Babies create seismic changes in your life. Sleep deprivation in the first few months can turn you and your spouse or partner into irritable zombies—a stark contrast to the smiling, stylish young couple with lots of time for weekend outings that you were in the not-so-distant past. There’s more housework than ever, and you have a lot less energy to tackle it. You might be worried about money if one of you stays home with the baby. Suddenly you’re living on one salary instead of two, or if both return to work, there are childcare expenses to factor in.
And intimacy? Well, that seems to be out the window—even when the baby is blissfully sleeping, it’s easier said than done just to forget all the stress and fatigue, flip a switch and swing into action.
Okay, now for the good news: raising a baby can also bring you closer than ever before if you approach it as a team. Here are a few of the secrets you need to know:
- If you talk to your partner about the stress you’re feeling—while taking care to reassure her that you love the baby more than you ever imagined possible—you might be relieved to learn that you’re both experiencing a lot of the same things. When the baby screams inconsolably for an hour, when it seems you’re changing soiled crib sheets for the third time today, when you can’t remember the last time you sat down to watch a half-hour sitcom, much less a movie…yes, your partner feels all that too. Don’t assume women, for instance, have magic maternal instincts that make it easier for her. If anything, the only difference is that she might feel guiltier about having those feelings, so voicing them yourself and reminding her that it’s normal might help her feel better while reinforcing the sense that you’re in this together.
- If you find yourselves fighting over the growing list of chores, stop. Make lists of what needs to be done every day, decide what’s reasonable for each person to do every day, and stick to it. The key word is “reasonable.” If you need to lower the bar a bit on what passes for household organization during the early years, remember that (1) only a crazy person would expect new parents to have a spotless home and (2) complaining to your wife that you can’t find a matching pair of socks in your drawer…when she’s exhausted and hasn’t found time to take a shower in three days…is not constructive.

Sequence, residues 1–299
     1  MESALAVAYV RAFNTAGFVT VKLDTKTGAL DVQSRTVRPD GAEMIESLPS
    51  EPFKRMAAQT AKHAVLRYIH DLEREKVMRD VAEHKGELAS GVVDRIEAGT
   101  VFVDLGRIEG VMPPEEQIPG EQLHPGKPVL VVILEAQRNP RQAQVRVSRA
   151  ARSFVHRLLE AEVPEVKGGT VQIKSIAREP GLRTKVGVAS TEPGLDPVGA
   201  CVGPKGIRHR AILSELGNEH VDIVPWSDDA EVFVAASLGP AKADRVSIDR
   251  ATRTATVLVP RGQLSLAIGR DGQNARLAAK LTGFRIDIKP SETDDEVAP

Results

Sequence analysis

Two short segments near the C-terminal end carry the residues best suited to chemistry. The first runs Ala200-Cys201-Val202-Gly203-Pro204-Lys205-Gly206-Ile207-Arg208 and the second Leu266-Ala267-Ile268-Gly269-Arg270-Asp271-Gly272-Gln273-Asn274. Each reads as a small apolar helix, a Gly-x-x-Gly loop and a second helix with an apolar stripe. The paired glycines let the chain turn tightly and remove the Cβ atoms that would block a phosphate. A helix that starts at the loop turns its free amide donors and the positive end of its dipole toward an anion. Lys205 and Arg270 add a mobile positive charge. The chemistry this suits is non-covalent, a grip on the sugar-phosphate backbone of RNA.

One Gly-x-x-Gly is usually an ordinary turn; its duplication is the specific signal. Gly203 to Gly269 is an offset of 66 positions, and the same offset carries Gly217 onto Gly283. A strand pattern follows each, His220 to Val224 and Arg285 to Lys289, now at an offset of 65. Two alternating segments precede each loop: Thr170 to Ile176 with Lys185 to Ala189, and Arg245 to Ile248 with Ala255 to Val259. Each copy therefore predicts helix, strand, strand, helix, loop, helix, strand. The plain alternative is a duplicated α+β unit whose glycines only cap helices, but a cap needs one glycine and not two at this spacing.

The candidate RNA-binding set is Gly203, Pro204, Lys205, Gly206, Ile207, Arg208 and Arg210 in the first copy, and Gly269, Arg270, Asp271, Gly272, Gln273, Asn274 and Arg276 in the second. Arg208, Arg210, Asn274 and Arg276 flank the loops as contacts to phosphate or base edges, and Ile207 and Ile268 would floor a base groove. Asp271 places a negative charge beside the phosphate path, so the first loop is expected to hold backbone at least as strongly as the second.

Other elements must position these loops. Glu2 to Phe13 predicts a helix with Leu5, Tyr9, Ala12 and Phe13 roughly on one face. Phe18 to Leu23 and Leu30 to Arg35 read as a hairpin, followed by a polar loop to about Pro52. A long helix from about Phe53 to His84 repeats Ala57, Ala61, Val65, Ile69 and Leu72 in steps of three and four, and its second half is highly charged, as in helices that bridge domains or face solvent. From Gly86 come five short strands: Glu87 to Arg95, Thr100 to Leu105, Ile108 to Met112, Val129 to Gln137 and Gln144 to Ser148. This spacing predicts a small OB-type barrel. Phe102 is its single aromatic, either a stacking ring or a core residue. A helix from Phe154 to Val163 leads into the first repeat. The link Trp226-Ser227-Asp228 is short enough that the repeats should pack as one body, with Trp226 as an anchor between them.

- Go on dates. No doubt you’ve heard this one before, but it is so important. It’s not easy at first; it helps a lot if you have parents in town to pitch in, but if not, ask around for a reliable sitter and make plans to go out for a few hours of alone time. While we’re at it, here’s another tip: discuss any baby-related topics you’d like to get out of the way before you leave—even the fun ones, like showing her the newest baby pictures on your iPhone. Then you can commit to spending this time together not as parents but husband and wife.
It’s easy to forget how important it is to nurture your relationship with your partner or spouse when the baby is screaming, covered in strained peas and looks at you like you’re a miserable failure (at least that’s what it sometimes feels like). It takes effort and a commitment to remember to care for yourselves and your relationship, but maintaining a healthy relationship is the most important gift you’ll ever give your child.
A relationship counselor can help you and your partner figure out how to balance it all while keeping your relationship strong – a wise investment in your growing family. If you are considering couples counseling, let the counselors at Orange County Relationship Center help you. Call us today at 949-220-3211 or book your appointment via our online calendar.